CHAPTER 1
SOLUTIONS TO PROBLEMS 1.1 It does not make sense to pose the question in terms of causality. Economists would assume that students choose a mix of studying and working (and other activities, such as attending class, leisure, and sleeping) based
CHAPTER 17
SOLUTIONS TO PROBLEMS
17.1 (i) Let m0 denote the number (not the percent) correctly predicted when yi = 0 (so the
prediction is also zero) and let m1 be the number correctly predicted when yi = 1. Then the
proportion correctly predicted is (m0
CHAPTER 16
SOLUTIONS TO PROBLEMS
16.1 (i) If 1 = 0 then y1 = 1z1 + u1, and so the right-hand-side depends only on the exogenous
variable z1 and the error term u1. This then is the reduced form for y1. If 1 = 0, the reduced
form for y1 is y1 = 2z2 + u2. (N
CHAPTER 14
SOLUTIONS TO PROBLEMS
14.1 First, for each t > 1, Var(uit) = Var(uit ui,t-1) = Var(uit) + Var(ui,t-1) = 2 u2 , where we use
the assumptions of no serial correlation in cfw_ut and constant variance. Next, we find the
covariance between uit and u
CHAPTER 15
SOLUTIONS TO PROBLEMS
15.1 (i) It has been fairly well established that socioeconomic status affects student performance.
The error term u contains, among other things, family income, which has a positive effect on
GPA and is also very likely t
CHAPTER 13
SOLUTIONS TO PROBLEMS
13.1 Without changes in the averages of any explanatory variables, the average fertility rate fell
by .545 between 1972 and 1984; this is simply the coefficient on y84. To account for the
increase in average education leve
CHAPTER 12
SOLUTIONS TO PROBLEMS
12.1 We can reason this from equation (12.4) because the usual OLS standard error is an
estimate of / SSTx . When the dependent and independent variables are in level (or log) form,
the AR(1) parameter, , tends to be posit
CHAPTER 11
SOLUTIONS TO PROBLEMS 11.1 Because of covariance stationarity, 0 = Var(xt) does not depend on t, so sd(xt+h) =
0 for
any h 0. By definition, Corr(xt,xt+h) = Cov(xt,xt+h)/[sd(xt) sd(xt+h)] = h /( 0 0 ) = h / 0 . 11.3 (i) E(yt) = E(z + et) = E(z
CHAPTER 9
SOLUTIONS TO PROBLEMS 9.1 There is functional form misspecification if 6 0 or 7 0, where these are the population parameters on ceoten2 and comten2, respectively. Therefore, we test the joint significance of these variables using the R-squared f
CHAPTER 10
SOLUTIONS TO PROBLEMS 10.1 (i) Disagree. Most time series processes are correlated over time, and many of them strongly correlated. This means they cannot be independent across observations, which simply represent different time periods. Even s
CHAPTER 8
SOLUTIONS TO PROBLEMS 8.1 Parts (ii) and (iii). The homoskedasticity assumption played no role in Chapter 5 in showing that OLS is consistent. But we know that heteroskedasticity causes statistical inference based on the usual t and F statistics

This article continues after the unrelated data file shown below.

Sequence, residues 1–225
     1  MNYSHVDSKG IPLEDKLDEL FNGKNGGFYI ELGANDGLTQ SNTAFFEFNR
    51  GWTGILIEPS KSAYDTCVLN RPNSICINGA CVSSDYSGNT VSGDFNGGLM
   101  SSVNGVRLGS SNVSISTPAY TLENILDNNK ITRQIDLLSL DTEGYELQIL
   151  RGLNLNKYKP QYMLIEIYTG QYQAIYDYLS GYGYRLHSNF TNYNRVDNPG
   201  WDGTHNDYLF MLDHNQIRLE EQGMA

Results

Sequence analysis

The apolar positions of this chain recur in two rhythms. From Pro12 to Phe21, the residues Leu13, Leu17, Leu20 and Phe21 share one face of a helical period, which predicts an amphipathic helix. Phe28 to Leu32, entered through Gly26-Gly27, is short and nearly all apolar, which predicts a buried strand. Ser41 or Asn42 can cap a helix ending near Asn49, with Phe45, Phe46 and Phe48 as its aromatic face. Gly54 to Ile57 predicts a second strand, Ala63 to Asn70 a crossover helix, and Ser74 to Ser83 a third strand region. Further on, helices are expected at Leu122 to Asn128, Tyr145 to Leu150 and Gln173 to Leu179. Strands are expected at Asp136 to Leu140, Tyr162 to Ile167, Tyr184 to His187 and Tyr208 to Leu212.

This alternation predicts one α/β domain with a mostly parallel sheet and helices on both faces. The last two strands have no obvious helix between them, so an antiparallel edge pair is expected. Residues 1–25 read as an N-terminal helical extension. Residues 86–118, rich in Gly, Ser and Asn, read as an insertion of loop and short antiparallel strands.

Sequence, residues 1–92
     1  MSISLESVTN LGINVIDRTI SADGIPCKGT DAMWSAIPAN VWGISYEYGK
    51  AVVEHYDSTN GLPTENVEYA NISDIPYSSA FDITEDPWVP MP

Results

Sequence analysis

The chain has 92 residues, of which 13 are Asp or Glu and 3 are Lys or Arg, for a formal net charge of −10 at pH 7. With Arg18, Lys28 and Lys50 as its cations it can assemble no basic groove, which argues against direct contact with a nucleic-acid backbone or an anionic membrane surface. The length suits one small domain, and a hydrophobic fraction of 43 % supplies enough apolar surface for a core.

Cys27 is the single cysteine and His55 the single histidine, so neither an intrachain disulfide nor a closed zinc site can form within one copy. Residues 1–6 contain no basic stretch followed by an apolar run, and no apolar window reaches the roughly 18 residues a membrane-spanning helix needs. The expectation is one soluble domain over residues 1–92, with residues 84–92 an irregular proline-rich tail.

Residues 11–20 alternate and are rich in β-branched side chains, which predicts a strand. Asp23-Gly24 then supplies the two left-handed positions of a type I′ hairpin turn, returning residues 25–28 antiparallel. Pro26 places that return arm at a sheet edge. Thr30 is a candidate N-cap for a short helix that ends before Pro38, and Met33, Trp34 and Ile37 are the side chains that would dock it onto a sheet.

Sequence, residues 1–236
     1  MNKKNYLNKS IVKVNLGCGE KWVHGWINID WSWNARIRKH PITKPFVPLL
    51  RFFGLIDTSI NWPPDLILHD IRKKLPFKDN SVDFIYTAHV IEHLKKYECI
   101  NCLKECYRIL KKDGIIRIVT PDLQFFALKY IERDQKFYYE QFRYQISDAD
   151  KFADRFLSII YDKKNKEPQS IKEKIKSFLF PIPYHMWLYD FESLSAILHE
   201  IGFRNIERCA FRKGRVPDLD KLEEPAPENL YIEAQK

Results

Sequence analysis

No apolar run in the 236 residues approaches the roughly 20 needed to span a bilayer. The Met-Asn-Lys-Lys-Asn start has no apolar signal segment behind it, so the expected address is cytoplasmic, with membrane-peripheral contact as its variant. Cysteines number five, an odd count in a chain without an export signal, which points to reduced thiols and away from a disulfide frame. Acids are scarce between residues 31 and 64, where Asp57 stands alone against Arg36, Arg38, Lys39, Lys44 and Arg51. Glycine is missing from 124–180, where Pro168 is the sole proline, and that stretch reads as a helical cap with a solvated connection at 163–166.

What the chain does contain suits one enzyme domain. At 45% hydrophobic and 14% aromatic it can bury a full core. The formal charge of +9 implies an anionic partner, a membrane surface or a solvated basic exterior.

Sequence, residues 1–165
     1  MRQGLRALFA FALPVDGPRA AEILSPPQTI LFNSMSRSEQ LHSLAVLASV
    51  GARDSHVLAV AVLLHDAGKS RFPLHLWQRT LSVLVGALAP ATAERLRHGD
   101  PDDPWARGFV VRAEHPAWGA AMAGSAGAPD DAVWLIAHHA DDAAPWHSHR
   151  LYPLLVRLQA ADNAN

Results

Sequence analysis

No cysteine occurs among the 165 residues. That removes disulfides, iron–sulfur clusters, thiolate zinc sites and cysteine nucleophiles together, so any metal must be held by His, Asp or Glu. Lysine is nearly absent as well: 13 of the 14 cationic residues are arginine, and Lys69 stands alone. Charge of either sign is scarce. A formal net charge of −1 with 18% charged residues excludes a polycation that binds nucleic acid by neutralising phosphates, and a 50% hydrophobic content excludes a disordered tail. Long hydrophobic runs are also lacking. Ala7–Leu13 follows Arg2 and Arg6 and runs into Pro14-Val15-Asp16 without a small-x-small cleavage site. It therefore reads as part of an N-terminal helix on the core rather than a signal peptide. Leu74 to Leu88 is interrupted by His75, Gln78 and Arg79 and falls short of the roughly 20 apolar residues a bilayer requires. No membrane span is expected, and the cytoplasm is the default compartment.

CHAPTER 6
SOLUTIONS TO PROBLEMS 6.1 This would make little sense. Performances on math and science exams are measures of outputs of the educational process, and we would like to know how various educational inputs and school characteristics affect math an
CHAPTER 7
SOLUTIONS TO PROBLEMS 7.1 (i) The coefficient on male is 87.75, so a man is estimated to sleep almost one and one-half hours more per week than a comparable woman. Further, tmale = 87.75/34.33 2.56, which is close to the 1% critical value agains
CHAPTER 4
SOLUTIONS TO PROBLEMS 4.2 (i) and (iii) generally cause the t statistics not to have a t distribution under H0. Homoskedasticity is one of the CLM assumptions. An important omitted variable violates Assumption MLR.3. The CLM assumptions contain
CHAPTER 5
SOLUTIONS TO PROBLEMS 5.2 The variable cigs has nothing close to a normal distribution in the population. Most people do not smoke, so cigs = 0 for over half of the population. A normally distributed random variable takes on no particular value
CHAPTER 3
SOLUTIONS TO PROBLEMS 3.2 (i) hsperc is defined so that the smaller it is, the lower the students standing in high school. Everything else equal, the worse the students standing in high school, the lower is his/her expected college GPA. (ii) Jus
CHAPTER 2
SOLUTIONS TO PROBLEMS 2.2 (i) Let yi = GPAi, xi = ACTi, and n = 8. Then x = 25.875, y = 3.2125, (xi x )(yi y ) =
i =1 n
5.8125, and (xi x )2 = 56.875. From equation (2.9), we obtain the slope as 1 =
i =1
n
5.8125/56.875 .1022, rounded to four
CHAPTER 18
SOLUTIONS TO PROBLEMS
18.1 With zt1 and zt2 now in the model, we should use one lag each as instrumental variables, zt-1,1
and zt-1,2. This gives one overidentifying restriction that can be tested.
18.3 For , yt zt = yt zt + ( )zt, which is an